The IPC has made the sensible decision, the decision that protects priceless Aboriginal heritage, endangered ecosystems, as well as the water security of five million people. But this decision would not have been made if the community didn’t stand up and take action.”

Several state politicians, including Opposition Natural Resources Minister and Wollongong MP Paul Scully, expressed surprise and concern about the IPC decision, citing concerns for the job impacts in the Illawarra region. Deputy Premier John Barilaro has even vowed to attempt to overturn the IPC’s decision. This comes as the Peabody Metropolitan Mine in Helensburgh has halted production and locked its workers out for a further two months, citing a downturn in the global demand for coking coal. 

“It is clear as day that the Illawarra needs a transition plan – a plan to move us away from dirty destructive industries, and towards cleaner manufacturing technology such as Green Steel. If our politicians are genuinely concerned about jobs, then they should be focusing their energies on a just transition plan for mine workers, rather than just backing their mates in the coal lobby time and time again. The original Green Jobs Illawarra Plan was written in 2009 — and has sat on the shelf for the last decade.”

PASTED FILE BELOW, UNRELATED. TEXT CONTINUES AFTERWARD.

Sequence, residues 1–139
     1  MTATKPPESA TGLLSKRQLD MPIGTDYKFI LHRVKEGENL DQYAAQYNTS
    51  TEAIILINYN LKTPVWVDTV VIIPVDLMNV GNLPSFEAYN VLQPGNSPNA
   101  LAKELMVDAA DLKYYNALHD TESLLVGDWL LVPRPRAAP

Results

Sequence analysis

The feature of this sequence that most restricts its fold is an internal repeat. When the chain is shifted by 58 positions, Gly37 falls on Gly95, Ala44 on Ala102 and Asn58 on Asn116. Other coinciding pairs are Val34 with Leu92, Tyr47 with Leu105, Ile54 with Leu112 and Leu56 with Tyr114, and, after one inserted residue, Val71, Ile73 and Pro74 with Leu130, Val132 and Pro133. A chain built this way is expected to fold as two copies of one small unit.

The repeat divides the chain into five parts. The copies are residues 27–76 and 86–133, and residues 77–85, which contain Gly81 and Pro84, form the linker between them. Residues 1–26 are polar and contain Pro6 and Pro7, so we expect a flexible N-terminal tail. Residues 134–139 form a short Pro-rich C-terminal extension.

“The IPC has made a decision in the interests of the community, and the community will continue to fight to make sure this decision is upheld. POWA will continue to fight for a total ban on mining in the water catchment, a ban that will protect ecosystems, protect culture, and protect the water that we all depend upon.”

NSW Independent Planning Commission REJECTS Dendrobium Mine expansion